• Tabor has raised 78% of funds for arts center

    City council members had no issue agreeing to send a letter of support to the Kansas Department of Commerce Tuesday on behalf of Tabor College’s campaign for a proposed center for the arts. The school has already raised $7 million of $9 million needed to begin construction — which will take approximately two years, according to Tabor President Jules Glanzer. Tabor estimates the building will attract around 20,000 visitors to Hillsboro per year.

  • Senator to speak to Hillsboro Kiwanis

    Sen. Jerry Moran will speak at the Hillsboro Kiwanis Club meeting at noon April 17 in the city building. Before his remarks, he will also speak with club members, including business leaders and volunteers. Kiwanis International was founded in 1915. There are clubs across the globe, dedicated to serving children. Kiwanis and related organizations volunteer more than 18 million service hours annually.

  • Chingawassa adds events

    Chingawassa Days participants can expect to see changes to the festival’s schedule of events in June, although many of the changes depend on if the Chingawassa Committee can find more volunteers to help operate festival affairs. “We already have a lot of activities for adults but we are trying to expand events to include more things for kids,” committee member Tamey Ensey said. “What we are hoping is that there are individuals, organizations and sponsors that will step up and help make the expansion possible.”

  • Crash kills Marion resident

    Gary J. Alleven of Marion died in a crash Monday morning on U.S. 56 east of Hillsboro. He was 46. According to the Kansas Highway Patrol’s report, the crash happened at 6:15 a.m. Samuel B. Unruh, 25, of Canton pulled onto the highway westbound from Santa Fe St., approximately 1.2 miles east of Hillsboro in a 2013 Kenworth semi-truck pulling a trailer.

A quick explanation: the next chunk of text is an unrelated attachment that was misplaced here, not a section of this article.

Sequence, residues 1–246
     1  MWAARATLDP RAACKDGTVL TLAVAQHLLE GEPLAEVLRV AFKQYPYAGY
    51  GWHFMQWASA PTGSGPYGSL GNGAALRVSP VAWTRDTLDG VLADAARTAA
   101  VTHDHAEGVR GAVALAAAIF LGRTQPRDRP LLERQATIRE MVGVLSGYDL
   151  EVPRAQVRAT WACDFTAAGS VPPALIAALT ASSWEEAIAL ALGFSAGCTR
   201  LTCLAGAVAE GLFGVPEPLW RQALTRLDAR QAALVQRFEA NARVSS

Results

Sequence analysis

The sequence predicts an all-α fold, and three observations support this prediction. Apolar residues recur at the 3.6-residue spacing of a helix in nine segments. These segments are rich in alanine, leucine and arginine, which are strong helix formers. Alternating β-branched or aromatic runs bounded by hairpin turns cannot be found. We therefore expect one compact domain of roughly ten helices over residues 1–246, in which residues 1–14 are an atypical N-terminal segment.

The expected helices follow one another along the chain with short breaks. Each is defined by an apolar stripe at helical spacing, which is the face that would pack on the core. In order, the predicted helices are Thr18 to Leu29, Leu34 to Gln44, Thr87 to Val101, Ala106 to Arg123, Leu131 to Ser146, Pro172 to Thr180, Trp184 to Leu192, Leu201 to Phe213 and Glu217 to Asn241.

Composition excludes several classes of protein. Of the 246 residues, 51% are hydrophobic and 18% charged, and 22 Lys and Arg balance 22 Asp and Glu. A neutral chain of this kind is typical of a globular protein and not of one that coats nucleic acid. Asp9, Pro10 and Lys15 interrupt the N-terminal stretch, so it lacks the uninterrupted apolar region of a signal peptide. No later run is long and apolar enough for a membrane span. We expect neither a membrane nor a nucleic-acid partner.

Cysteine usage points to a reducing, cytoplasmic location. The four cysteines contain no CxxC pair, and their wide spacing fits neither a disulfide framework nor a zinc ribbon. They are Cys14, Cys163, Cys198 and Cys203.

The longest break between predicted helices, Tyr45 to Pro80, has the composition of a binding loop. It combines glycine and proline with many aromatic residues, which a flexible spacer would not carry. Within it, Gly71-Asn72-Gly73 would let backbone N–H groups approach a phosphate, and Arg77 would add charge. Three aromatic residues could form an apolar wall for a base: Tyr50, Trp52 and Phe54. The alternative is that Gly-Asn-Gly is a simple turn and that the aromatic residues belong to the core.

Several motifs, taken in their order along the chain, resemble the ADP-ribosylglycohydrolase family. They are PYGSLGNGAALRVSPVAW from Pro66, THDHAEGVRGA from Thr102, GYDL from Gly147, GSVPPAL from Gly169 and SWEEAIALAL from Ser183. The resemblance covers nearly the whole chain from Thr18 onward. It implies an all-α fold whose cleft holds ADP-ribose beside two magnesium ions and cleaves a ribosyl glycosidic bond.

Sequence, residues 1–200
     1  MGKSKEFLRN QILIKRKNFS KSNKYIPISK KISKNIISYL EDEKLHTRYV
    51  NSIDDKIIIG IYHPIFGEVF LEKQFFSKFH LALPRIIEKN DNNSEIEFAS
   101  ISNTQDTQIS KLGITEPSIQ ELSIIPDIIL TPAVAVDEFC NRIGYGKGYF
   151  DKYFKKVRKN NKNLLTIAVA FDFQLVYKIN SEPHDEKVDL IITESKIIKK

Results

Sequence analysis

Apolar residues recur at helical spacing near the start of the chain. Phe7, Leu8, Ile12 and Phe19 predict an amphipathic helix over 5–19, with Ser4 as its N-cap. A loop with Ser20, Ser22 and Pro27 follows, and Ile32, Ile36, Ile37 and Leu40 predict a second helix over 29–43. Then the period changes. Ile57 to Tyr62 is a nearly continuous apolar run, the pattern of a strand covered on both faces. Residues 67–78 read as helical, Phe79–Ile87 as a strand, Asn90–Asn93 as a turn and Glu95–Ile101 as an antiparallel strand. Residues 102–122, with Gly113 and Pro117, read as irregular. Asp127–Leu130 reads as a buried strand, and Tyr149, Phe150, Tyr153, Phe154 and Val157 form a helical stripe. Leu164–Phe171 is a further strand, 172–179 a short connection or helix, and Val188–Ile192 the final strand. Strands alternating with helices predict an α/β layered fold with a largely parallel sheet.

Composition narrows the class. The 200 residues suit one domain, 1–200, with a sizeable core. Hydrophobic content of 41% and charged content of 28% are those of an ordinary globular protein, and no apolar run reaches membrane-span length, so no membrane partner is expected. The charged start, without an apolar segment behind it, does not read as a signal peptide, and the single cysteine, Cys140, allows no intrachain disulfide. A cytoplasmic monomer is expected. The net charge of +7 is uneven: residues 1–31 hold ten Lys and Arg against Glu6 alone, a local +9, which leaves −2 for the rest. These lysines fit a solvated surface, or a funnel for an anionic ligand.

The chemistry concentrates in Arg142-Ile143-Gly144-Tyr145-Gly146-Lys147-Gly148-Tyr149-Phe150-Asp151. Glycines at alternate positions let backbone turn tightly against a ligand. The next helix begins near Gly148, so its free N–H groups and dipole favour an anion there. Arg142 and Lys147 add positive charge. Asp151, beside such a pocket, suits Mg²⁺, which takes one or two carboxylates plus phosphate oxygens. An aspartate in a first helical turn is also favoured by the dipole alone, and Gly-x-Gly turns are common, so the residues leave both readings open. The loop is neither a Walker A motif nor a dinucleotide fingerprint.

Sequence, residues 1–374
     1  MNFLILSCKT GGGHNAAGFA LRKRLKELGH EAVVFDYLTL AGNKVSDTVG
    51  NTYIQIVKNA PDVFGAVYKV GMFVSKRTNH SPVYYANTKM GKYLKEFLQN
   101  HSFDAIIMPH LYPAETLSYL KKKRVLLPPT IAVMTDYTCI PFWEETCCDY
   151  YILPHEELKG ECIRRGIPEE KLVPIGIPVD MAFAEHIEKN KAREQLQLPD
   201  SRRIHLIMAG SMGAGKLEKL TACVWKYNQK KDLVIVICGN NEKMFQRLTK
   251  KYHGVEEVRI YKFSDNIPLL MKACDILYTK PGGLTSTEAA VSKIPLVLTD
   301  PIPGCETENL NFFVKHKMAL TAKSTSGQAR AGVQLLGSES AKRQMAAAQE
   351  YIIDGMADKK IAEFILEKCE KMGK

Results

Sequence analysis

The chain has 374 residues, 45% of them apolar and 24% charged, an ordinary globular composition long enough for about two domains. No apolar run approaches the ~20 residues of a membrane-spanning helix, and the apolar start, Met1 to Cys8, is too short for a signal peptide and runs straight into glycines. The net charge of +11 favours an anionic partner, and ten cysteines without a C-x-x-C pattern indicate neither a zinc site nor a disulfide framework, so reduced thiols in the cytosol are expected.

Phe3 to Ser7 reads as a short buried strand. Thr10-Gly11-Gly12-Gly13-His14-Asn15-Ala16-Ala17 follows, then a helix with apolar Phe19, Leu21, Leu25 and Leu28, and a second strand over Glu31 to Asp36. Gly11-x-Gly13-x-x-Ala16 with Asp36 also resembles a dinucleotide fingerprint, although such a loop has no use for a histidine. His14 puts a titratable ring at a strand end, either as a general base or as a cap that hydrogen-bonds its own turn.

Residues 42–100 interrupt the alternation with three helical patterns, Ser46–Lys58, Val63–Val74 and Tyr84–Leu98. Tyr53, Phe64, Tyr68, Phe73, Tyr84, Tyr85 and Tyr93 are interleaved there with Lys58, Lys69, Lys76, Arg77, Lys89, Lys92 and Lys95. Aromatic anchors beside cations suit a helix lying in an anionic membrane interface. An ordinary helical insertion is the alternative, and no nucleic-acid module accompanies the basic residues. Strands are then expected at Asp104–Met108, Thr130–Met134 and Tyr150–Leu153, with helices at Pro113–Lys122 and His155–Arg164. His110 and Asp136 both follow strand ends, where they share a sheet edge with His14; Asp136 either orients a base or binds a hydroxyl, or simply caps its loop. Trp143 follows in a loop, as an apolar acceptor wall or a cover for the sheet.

• County fair announces carnival, parade move

    After not having a carnival in 2013, the Marion County Fair will once again have a carnival this summer. Fun Time Shows, a carnival based out of southeast Missouri, will be at the fair, fair association manager Kelli Savage said last week. According to its website, Fun Time Shows has been operated by the same family since the 1970s.

  • County spends $174,350 on graders

    More than once Monday, county commissioners spent a few moments silenced while reviewing bid options for a new motor grader in the road and bridge department. Murphy Tractor and Equipment appeared to have the lowest bid at $191,975 for a 2014 John Deere, followed by G.W. Van Keppel Company’s Volvo at $194,350, and a 2014 Caterpillar model for $196,474 from Foley Equipment. Foley Equipment also bid a 2013 model for $191,091.

  • Santa Fe Trail signs vandalized

    A recent inventory of signs posted along the Santa Fe Trail route in Marion County revealed that four signs and signposts have been vandalized or stolen in the past month. Steve Schmidt, president of the Cottonwood Crossing chapter of the Santa Fe Trail Association, reported the incidents in an April 1 letter to the sheriff’s department.

  • Journey tribute band to rock Chingawassa

    Revelation, a Journey tribute band, is scheduled to appear June 6 in Central Park for the Friday concert at Chingawassa Days. Revelation started from a ’80s influenced Kansas City rock band called Joker and is made up of five musicians who played the bar scene until lead singer Carl Worden broke off and started a tribute to Journey.

  • Marion grad diagnosed with cancer

    Watching a loved one suffer through cancer is tough for anyone, but it is especially hard on a mother watching her son, who is too young, struggle with cancer. That is what Mary Shipman is going through. Her 27-year-old son, Jimmy Shipman, was diagnosed with stage 3 lymphoma in March.